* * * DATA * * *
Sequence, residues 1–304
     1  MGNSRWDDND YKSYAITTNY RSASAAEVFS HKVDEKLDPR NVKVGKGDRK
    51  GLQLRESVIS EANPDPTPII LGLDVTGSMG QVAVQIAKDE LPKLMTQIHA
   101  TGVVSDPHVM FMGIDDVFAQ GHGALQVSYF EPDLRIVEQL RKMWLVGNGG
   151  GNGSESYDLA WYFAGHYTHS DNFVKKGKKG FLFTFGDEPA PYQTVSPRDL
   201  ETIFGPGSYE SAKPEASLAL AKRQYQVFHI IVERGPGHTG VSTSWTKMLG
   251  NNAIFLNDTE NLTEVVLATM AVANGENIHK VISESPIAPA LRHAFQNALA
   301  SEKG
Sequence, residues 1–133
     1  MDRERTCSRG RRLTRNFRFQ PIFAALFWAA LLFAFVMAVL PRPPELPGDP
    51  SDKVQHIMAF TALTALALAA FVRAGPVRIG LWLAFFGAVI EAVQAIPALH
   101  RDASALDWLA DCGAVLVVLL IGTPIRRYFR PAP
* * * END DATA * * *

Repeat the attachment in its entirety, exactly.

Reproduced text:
Sequence, residues 1–304
     1  MGNSRWDDND YKSYAITTNY RSASAAEVFS HKVDEKLDPR NVKVGKGDRK
    51  GLQLRESVIS EANPDPTPII LGLDVTGSMG QVAVQIAKDE LPKLMTQIHA
   101  TGVVSDPHVM FMGIDDVFAQ GHGALQVSYF EPDLRIVEQL RKMWLVGNGG
   151  GNGSESYDLA WYFAGHYTHS DNFVKKGKKG FLFTFGDEPA PYQTVSPRDL
   201  ETIFGPGSYE SAKPEASLAL AKRQYQVFHI IVERGPGHTG VSTSWTKMLG
   251  NNAIFLNDTE NLTEVVLATM AVANGENIHK VISESPIAPA LRHAFQNALA
   301  SEKG
Sequence, residues 1–133
     1  MDRERTCSRG RRLTRNFRFQ PIFAALFWAA LLFAFVMAVL PRPPELPGDP
    51  SDKVQHIMAF TALTALALAA FVRAGPVRIG LWLAFFGAVI EAVQAIPALH
   101  RDASALDWLA DCGAVLVVLL IGTPIRRYFR PAP